The idea that college campuses are suppressing freedom of speech is a popular talking point, especially among conservatives. Pence used his platform to stoke that fire, saying, "Far too many campuses across America have become characterized by speech codes, safe zones, tone policing, administration-sanctioned political correctness — all of which amounts to nothing less than the suppression of freedom of speech."

15. In May, Pence started his own political action committee called the "Great America Committee."

Marking another first for a sitting vice president, the formation of a PAC signals that maybe he has some larger political ambitions that go beyond the Trump administration and his role as VP. Coupled with outgoing White House press secretary Sean Spicer saying that he'd be on board with a Pence run in 2024, this is worth keeping an eye on.

16. In June, Pence was put in charge of U.S. space policy.

Pence, being someone who likely doesn't really believe in that whole "evolution" thing and once claimed that "smoking doesn't kill," seems like an odd choice to dictate anything related to science. But that's what President Trump did after signing an executive order bringing back the National Space Council.

It's still unclear what sort of direction Pence will take, though he has made promises to put people on Mars.

17. He's raised money for his own PAC and other political causes.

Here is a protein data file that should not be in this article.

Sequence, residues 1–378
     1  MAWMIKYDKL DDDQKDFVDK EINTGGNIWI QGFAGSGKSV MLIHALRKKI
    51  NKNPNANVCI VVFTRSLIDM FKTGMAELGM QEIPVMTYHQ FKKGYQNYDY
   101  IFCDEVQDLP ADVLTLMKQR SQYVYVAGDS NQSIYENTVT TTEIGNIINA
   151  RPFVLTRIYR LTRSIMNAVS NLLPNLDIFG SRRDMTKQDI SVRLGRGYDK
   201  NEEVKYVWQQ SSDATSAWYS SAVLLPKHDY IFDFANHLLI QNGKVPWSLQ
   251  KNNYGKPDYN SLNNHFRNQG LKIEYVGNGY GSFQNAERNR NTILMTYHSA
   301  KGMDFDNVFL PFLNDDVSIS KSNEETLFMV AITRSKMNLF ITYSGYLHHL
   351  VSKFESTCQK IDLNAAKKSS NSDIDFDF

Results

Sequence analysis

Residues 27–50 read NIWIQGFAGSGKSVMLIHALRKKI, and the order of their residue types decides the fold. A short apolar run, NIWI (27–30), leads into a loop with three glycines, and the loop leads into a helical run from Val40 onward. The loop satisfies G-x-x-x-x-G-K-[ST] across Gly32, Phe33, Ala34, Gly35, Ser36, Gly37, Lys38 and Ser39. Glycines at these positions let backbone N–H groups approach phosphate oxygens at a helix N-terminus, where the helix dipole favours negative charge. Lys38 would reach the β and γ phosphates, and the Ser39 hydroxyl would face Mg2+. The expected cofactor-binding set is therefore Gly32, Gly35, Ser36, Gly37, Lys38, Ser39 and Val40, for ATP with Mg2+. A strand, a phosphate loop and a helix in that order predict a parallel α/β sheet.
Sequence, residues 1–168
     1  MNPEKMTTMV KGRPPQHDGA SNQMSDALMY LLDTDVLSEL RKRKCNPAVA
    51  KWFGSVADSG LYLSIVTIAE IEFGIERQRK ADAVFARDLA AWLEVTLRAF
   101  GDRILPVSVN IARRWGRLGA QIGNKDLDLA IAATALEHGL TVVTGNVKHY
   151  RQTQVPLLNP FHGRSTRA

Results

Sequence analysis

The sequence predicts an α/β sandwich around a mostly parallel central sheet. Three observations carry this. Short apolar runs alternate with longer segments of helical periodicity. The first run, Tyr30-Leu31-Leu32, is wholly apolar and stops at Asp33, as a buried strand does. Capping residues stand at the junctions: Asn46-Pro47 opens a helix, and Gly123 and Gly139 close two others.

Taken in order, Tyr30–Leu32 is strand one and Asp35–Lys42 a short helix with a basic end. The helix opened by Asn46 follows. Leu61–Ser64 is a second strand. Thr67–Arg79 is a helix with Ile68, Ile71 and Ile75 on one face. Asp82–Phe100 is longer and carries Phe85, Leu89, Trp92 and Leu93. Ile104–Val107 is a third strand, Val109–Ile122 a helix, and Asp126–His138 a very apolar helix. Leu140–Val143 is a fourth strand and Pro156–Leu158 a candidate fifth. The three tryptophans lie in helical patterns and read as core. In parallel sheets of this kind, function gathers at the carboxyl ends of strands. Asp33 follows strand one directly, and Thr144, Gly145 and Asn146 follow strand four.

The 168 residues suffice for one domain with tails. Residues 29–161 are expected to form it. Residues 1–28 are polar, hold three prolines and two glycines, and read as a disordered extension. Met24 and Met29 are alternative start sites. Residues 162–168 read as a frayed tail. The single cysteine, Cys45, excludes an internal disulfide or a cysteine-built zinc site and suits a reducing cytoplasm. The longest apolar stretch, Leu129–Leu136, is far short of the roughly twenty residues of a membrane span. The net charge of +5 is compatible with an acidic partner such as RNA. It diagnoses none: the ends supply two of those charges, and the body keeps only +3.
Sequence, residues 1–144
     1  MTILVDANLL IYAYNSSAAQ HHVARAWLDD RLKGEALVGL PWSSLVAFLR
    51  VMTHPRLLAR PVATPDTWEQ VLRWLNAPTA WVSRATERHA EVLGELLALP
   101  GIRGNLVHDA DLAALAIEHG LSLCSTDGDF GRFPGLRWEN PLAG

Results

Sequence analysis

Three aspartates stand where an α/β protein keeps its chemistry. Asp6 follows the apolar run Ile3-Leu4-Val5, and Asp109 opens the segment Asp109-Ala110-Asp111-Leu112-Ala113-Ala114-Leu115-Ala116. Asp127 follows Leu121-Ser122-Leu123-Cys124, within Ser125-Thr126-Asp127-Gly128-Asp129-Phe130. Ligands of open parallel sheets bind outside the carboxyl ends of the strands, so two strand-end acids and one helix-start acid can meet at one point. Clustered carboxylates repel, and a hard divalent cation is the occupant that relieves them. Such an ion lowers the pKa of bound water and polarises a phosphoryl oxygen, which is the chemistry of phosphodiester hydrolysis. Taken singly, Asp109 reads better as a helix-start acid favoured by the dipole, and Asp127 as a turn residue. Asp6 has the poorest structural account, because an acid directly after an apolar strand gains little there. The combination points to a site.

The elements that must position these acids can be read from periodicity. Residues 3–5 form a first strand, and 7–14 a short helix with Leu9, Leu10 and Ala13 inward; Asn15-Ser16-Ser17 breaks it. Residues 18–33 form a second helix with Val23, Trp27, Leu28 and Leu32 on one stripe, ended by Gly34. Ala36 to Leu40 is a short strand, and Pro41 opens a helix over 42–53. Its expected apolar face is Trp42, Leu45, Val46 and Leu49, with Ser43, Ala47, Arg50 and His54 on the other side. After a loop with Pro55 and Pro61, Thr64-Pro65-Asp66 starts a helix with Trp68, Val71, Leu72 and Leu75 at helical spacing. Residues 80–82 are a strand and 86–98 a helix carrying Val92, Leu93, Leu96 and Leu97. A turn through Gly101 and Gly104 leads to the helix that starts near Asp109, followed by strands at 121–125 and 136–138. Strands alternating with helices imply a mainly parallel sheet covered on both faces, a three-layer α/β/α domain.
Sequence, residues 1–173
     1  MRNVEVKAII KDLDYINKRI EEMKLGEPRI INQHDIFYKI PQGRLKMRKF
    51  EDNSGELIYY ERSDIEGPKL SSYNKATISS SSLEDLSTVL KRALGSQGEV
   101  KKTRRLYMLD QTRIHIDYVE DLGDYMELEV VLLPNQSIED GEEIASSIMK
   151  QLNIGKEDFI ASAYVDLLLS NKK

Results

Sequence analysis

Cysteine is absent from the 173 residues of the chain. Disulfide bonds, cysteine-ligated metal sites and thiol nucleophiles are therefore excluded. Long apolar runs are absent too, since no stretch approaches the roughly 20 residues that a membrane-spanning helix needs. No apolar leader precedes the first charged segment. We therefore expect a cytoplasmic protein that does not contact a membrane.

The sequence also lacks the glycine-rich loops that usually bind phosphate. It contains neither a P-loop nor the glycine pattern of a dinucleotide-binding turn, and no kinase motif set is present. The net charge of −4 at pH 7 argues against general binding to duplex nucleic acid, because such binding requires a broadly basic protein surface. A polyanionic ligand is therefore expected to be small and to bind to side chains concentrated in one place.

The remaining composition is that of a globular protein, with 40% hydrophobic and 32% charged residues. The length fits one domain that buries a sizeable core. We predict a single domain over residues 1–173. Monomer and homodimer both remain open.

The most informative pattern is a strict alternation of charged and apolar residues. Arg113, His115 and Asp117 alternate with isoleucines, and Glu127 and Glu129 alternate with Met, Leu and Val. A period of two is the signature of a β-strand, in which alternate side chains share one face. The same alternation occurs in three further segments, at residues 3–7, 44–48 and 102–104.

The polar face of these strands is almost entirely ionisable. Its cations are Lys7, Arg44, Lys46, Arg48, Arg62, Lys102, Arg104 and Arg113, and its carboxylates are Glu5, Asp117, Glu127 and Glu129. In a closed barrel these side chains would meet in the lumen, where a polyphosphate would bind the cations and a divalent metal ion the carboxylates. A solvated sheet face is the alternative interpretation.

What's the point of having a PAC if you're not going to raise money for it, right? In July, The New York Times reported that Pence has been playing host to "a string of dinners held every few weeks at the vice president’s official residence on the grounds of the Naval Observatory in Washington," courting "big donors and corporate executives."

18. On June 23, Pence addressed Focus on the Family, a powerful anti-LGBTQ organization, for its 40th anniversary.

Speaking about the administration's commitment to helping "persecuted people of faith" and protecting their right to discriminate against LGBTQ people under the guise of "religious liberty," Pence told the crowd, "This president believes that no American, no American should have to violate their conscience to fully participate in American life, and he has taken action to protect the expressions of faith by men and women across this nation."

This is the same organization, mind you, that has called homosexuality "a particularly evil lie of Satan" and has called transgender people "mentally ill" and "like Cinderella in a fantasy world."

19. As special elections have popped up across the country, Pence has been hitting the campaign trail in support of his fellow Republicans.

It's not so surprising that Pence is getting out there. A little curious, however, is how little Trump has done comparatively — and how little coverage Pence's presence has garnered. This once again shows Pence for the shrewd politician he is, able to help prop up other candidates. Trump, on the other hand, is mostly good at promoting one person: Trump.

20. Pence has been pressuring Congress to implement anti-transgender policies in the military.

Days before Trump tweeted that he was banning trans people from serving in the military, Foreign Policy reported that Pence was lobbying hard to fight back against trans inclusion in the military. Pence was reportedly putting pressure on members of Congress to hold the 2018 defense authorization bill hostage unless it included a rider barring funds being used on transition-related health care.